Contactless power charging is something that lots of tech types are working on; the benefits of being able to recharge a device without plugging it in are obvious. But for medical implantables, the challenges are greater. For one thing, the device that requires power may be some distance from a reasonable power source.
Stanford University has produced research that promises to solve that problem, delivering power from a small device placed outside the body to another device implanted deep within. The lead researcher is Prof. Ada Poon, an electrical engineer, and the results were reported in the Proceedings of the National Academy of Sciences.
The details are complex, but essentially involves a method of converting microwave energy, which moves easily through the air, into a form that can be carried safely through body tissue. Poon has tested the system in a pig, and powered a pacemaker in a rabbit. Human tests are being prepared — although the tests, let alone commercial application, are years away.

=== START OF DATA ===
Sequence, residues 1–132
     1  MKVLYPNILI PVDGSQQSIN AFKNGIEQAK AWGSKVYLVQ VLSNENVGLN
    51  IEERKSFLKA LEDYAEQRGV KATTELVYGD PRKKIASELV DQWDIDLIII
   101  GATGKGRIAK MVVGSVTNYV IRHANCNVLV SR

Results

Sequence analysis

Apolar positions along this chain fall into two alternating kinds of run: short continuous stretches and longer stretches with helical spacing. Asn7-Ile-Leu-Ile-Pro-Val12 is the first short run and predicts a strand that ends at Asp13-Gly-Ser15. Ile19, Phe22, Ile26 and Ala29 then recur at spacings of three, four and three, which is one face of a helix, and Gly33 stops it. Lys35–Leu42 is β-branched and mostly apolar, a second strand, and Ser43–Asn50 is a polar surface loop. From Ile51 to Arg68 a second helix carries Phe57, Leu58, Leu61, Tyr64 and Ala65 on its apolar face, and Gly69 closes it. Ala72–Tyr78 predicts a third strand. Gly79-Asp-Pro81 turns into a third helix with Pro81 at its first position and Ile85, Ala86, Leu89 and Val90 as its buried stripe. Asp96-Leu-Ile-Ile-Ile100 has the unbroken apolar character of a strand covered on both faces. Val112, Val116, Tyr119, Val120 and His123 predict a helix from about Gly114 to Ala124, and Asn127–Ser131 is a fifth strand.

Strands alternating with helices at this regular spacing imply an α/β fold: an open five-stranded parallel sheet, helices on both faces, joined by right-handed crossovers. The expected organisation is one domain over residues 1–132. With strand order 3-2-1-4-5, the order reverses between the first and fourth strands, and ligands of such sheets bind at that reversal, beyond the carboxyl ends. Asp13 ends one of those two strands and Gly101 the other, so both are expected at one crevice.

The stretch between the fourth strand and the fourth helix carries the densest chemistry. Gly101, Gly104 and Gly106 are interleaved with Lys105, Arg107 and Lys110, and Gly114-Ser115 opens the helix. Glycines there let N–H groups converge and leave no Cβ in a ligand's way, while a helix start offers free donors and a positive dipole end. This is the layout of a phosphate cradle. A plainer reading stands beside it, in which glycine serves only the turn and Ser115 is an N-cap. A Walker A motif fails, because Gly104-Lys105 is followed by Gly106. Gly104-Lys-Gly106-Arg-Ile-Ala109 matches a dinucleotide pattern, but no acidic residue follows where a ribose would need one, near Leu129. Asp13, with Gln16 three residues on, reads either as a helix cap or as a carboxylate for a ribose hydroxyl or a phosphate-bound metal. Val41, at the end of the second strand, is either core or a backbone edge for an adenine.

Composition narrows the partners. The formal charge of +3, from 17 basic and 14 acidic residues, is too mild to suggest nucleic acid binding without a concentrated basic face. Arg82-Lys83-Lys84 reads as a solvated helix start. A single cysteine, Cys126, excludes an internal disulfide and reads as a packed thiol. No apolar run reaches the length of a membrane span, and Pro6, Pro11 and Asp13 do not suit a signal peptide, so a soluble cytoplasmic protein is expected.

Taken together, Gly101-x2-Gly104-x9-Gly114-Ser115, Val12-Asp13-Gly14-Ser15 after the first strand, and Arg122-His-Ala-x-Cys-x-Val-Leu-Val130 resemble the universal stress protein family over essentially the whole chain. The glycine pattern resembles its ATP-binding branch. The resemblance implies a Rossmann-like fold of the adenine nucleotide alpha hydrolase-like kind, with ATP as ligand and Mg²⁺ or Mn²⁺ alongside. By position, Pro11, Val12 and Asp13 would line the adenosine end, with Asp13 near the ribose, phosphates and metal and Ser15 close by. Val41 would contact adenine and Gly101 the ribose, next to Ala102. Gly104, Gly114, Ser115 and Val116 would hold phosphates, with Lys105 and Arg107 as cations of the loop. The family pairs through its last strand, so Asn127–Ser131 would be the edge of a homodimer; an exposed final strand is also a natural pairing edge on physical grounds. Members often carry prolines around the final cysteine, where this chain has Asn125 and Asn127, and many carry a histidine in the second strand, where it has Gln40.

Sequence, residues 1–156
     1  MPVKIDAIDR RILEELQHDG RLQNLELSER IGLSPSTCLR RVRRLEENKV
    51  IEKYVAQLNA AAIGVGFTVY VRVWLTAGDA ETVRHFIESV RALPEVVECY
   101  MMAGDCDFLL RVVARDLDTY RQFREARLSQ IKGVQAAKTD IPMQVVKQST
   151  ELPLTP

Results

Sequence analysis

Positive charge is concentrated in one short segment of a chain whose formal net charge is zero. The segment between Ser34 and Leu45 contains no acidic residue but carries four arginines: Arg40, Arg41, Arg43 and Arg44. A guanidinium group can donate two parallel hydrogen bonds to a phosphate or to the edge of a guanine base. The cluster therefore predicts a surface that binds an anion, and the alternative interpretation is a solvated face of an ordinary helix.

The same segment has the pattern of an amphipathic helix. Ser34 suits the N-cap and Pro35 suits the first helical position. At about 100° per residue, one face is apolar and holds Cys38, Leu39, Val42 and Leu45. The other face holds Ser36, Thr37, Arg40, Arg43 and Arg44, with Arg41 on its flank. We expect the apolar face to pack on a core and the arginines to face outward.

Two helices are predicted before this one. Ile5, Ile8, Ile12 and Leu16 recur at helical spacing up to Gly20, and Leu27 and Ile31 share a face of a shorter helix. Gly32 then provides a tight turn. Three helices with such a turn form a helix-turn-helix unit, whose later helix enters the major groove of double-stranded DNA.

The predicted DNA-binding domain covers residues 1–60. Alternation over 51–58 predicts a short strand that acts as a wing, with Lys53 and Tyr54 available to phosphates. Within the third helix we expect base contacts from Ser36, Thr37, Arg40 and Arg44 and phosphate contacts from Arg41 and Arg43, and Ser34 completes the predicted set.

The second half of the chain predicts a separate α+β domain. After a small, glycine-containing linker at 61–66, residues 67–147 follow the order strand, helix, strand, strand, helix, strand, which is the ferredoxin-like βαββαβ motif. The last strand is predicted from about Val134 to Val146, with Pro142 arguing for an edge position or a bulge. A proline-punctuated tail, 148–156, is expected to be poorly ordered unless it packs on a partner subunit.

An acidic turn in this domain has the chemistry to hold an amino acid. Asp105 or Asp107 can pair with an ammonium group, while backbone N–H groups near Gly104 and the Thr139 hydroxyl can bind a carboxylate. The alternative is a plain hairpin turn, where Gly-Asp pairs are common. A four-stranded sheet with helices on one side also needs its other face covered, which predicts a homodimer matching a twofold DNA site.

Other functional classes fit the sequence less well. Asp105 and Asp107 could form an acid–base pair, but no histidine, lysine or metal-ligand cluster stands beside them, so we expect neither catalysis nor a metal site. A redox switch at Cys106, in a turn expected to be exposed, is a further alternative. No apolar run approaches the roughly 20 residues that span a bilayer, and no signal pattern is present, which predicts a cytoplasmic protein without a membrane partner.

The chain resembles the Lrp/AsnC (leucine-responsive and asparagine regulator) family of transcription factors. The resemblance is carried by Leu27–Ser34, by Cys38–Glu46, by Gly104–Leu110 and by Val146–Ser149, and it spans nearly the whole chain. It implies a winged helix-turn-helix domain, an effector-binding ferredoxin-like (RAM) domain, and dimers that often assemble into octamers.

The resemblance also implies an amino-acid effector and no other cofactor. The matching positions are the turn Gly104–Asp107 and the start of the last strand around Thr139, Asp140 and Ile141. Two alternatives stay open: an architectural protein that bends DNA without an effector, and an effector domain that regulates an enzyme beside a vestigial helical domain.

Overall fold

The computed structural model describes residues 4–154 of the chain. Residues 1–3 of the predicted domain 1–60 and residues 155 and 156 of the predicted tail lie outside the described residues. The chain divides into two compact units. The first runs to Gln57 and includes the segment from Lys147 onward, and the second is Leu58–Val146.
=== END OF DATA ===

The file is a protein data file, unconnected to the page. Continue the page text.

From the Stanford press release:
Poon believes this discovery will spawn a new generation of programmable microimplants – sensors to monitor vital functions deep inside the body; electrostimulators to change neural signals in the brain; and drug delivery systems to apply medicines directly to affected areas.
Here’s a video where Dr. Poon explains her work. Fascinating.[youtube https://www.youtube.com/watch?v=7WURJ9rgwjs]